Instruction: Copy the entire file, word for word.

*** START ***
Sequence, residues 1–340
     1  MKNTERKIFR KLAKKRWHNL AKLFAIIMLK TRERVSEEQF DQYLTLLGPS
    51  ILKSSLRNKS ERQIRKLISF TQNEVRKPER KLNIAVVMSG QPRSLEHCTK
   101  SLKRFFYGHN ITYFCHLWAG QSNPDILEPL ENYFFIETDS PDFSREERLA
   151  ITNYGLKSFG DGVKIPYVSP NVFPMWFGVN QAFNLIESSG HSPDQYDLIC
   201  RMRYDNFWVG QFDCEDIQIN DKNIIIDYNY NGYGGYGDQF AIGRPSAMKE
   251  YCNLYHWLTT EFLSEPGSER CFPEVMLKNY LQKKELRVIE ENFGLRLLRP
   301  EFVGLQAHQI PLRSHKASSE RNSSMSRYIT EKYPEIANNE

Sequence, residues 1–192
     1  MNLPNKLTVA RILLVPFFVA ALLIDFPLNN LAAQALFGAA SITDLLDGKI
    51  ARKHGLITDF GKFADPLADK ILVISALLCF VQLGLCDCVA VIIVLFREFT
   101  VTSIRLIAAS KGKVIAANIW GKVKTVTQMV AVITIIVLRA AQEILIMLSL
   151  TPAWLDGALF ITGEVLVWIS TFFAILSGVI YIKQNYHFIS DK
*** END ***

Sequence, residues 1–340
     1  MKNTERKIFR KLAKKRWHNL AKLFAIIMLK TRERVSEEQF DQYLTLLGPS
    51  ILKSSLRNKS ERQIRKLISF TQNEVRKPER KLNIAVVMSG QPRSLEHCTK
   101  SLKRFFYGHN ITYFCHLWAG QSNPDILEPL ENYFFIETDS PDFSREERLA
   151  ITNYGLKSFG DGVKIPYVSP NVFPMWFGVN QAFNLIESSG HSPDQYDLIC
   201  RMRYDNFWVG QFDCEDIQIN DKNIIIDYNY NGYGGYGDQF AIGRPSAMKE
   251  YCNLYHWLTT EFLSEPGSER CFPEVMLKNY LQKKELRVIE ENFGLRLLRP
   301  EFVGLQAHQI PLRSHKASSE RNSSMSRYIT EKYPEIANNE

Sequence, residues 1–192
     1  MNLPNKLTVA RILLVPFFVA ALLIDFPLNN LAAQALFGAA SITDLLDGKI
    51  ARKHGLITDF GKFADPLADK ILVISALLCF VQLGLCDCVA VIIVLFREFT
   101  VTSIRLIAAS KGKVIAANIW GKVKTVTQMV AVITIIVLRA AQEILIMLSL
   151  TPAWLDGALF ITGEVLVWIS TFFAILSGVI YIKQNYHFIS DK